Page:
PC gaming is awesome. But the requirement to invest hundreds (or thousands!) of dollars into expensive hardware to get the most out of it is, well, not. That’s doubly true when a confluence of circumstances means finding a decent graphics card is an undertaking about on par with searching for the Holy Grail in El Dorado.
So, if you’re rocking a more practical low-power laptop, or your desktop’s best years are behind it, you might be looking for a few games you can play on a machine that doesn’t double as a space heater. As I’ve done for the last several years, I’m rounding up the best PC games of the year that you can run on just about any Windows computer, no graphics card required.
Here are my picks, in no particular order.
Moving sucks. As someone who’s done it (oh God) fifteen times in thirty years, I feel like I can confidently attest to this. But there’s nothing that beats the feeling of satisfaction you get when all your stuff is finally unpacked, each bit of your life’s bric-a-brac precisely in the right place. Unpacking is a game that attempts to catch that experience.
It’s an irrepressibly chill game, encouraging the player to tweak the music and lighting to create a zen-like state of organization and customization. Nerds who need to have all of their action figures and gaming accoutrements just so on the shelf will be particularly pleased when a room is complete.
A lot of “remastered” games have felt pretty lackluster lately, slapping a high price tag on an old game and calling it a day. Not so with this true remaster of the much-loved SNES classic. Actraiser was a weird mix of side-scrolling hack-and-slash with city-building god games (literally, your villagers will pray to you and you’ll protect them with natural disasters).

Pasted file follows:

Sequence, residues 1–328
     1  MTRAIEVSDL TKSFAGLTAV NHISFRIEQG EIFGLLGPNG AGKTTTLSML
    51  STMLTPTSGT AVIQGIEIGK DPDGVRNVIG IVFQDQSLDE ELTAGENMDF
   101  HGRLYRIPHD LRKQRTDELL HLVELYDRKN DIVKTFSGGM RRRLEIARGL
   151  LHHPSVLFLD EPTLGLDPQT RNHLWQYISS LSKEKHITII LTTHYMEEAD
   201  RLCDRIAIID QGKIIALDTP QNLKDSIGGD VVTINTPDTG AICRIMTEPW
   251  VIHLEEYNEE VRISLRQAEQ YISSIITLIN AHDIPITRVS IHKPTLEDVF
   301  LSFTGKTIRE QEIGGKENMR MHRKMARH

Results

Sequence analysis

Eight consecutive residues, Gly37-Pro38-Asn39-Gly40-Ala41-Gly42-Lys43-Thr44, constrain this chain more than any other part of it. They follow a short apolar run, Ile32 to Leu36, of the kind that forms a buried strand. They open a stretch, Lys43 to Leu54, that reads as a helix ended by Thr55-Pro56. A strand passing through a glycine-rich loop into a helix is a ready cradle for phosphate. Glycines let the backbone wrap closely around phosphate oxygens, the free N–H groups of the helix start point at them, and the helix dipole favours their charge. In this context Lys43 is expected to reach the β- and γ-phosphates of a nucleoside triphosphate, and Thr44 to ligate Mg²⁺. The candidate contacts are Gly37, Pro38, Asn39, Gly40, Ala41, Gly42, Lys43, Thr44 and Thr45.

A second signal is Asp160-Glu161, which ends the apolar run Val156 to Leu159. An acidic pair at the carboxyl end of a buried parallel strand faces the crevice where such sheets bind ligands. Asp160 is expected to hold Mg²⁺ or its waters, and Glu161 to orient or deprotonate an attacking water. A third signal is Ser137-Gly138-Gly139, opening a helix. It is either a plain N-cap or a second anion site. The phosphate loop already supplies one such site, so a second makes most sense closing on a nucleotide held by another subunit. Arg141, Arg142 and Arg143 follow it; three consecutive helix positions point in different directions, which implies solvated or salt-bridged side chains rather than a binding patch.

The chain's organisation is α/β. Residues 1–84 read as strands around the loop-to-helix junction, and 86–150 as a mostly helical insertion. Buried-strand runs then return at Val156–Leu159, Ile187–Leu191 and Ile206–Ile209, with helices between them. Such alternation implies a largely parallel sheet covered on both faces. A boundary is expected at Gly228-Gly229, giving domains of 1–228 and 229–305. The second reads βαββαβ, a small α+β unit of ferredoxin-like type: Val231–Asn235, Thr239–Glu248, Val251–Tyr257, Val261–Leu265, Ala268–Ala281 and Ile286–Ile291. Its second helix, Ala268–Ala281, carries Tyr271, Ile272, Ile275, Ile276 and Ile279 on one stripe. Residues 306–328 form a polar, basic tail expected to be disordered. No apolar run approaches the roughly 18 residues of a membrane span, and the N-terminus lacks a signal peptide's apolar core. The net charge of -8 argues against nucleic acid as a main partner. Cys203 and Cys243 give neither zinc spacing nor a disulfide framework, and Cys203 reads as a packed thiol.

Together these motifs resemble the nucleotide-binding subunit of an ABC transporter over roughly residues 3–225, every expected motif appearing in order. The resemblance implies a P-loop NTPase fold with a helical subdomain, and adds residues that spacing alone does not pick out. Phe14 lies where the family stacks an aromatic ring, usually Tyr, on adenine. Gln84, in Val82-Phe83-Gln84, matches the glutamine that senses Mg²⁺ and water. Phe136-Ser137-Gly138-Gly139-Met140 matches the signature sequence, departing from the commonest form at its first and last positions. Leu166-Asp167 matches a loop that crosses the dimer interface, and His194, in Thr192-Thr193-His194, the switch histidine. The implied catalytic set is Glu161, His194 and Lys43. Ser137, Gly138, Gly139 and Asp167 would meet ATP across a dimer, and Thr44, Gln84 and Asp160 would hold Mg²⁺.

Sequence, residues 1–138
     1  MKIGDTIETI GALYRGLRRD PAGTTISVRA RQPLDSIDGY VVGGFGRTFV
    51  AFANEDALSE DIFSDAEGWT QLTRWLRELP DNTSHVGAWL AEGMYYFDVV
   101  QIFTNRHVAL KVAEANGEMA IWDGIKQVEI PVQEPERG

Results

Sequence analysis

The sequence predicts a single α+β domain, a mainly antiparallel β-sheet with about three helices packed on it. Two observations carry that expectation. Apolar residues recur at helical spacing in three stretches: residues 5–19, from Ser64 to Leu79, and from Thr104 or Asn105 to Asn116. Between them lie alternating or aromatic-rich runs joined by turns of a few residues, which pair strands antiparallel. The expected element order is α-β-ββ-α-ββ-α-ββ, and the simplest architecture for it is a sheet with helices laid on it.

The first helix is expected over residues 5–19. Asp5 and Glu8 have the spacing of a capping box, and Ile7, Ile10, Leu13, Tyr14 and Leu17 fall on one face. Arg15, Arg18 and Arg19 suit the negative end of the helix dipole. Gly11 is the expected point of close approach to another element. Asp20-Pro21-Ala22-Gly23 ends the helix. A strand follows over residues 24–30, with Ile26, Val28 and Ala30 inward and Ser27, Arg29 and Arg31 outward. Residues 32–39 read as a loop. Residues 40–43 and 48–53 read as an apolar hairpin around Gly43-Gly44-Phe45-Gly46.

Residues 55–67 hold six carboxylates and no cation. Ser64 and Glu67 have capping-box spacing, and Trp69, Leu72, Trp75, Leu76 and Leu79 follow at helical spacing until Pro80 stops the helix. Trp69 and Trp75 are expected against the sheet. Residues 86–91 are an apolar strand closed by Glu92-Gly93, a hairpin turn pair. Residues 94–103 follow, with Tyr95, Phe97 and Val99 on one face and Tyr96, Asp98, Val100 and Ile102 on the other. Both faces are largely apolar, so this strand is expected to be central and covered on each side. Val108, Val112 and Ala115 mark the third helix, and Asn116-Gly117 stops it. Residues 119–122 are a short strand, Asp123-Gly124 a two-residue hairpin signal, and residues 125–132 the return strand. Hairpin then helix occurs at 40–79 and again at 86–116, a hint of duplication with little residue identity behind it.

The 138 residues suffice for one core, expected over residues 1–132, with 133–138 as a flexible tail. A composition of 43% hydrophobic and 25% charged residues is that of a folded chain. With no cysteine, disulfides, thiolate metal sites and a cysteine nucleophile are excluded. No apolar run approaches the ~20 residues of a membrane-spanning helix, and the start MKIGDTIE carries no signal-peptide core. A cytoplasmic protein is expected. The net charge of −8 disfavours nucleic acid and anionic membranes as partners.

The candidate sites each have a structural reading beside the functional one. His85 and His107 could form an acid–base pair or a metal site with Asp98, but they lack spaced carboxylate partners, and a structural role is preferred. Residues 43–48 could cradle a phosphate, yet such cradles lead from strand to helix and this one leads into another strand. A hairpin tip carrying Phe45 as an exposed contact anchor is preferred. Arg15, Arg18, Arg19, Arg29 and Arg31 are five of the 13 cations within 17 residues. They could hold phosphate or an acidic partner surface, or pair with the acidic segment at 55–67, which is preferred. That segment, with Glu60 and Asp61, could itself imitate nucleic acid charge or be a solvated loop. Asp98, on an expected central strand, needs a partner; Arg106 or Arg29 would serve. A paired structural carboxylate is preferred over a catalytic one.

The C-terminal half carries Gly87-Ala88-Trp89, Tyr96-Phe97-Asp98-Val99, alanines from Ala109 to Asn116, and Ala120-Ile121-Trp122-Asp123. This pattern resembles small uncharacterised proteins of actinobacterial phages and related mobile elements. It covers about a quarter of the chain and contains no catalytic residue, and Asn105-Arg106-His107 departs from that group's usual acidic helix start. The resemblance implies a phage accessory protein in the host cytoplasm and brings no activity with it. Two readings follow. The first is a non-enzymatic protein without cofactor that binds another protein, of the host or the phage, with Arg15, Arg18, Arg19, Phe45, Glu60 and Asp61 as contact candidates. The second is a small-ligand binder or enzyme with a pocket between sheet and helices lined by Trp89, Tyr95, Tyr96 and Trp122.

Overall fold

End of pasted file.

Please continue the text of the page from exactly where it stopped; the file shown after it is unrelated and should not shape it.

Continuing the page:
The reimagined Renaissance is a bit contentious, as not every fan of the original likes the remixed combat and the new tower defense mechanic. But as a throwback to a game that was shockingly unique for its time, it’s worth a look for fans of the 16-bit era. The soundtrack, available as a modern orchestral score or throwback beep-boop-opus, is a particular highlight.
Top-down pixelated action-RPGs are easy to find these days. Undungeon stands out from the pack with gorgeous pixel art and a dark sci-fi story that’s deeper than a mineshaft. For those who want to really chew on a unique world and protagonist, Undungeon delivers.
In addition to its slowly-unfolding world and narrative, the game offers some deep systems to jump into as well. Your creepy player character upgrades their abilities and weapons by swapping out their own organs. Now that’s what I call self-improvement!
On more or less the opposite artistic pole from Undungeon, Cris Tales is a bright and colorful take on classic Japanese RPGs. Well, one JRPG in particular: Chrono Trigger, because this one also has a tone of time-traveling and time-based powers. Come for the gorgeous anime-inspired 2D art, stay for the old-fashioned turn-based party combat.
The game uses a mix of 2D and 3D graphics to show you its settings in the past, present, and future on the same screen in a unique exploration mechanic. But don’t worry, while some of its animated segments get so over-the-top they’d make Final Fantasy blush, the gameplay won’t suffer even if your machine chugs on some of the simple polygonal elements.
Story-based romance sims aren’t for everyone. But what if you could have a meet-cute with a love interest who then turns into an awesome sword, and then go on a dungeon crawl for your first date? Such is the quirky, genre-mixing premise behind Boyfriend Dungeon, splitting the difference between dating sim and top-down hack-and-slash roguelite.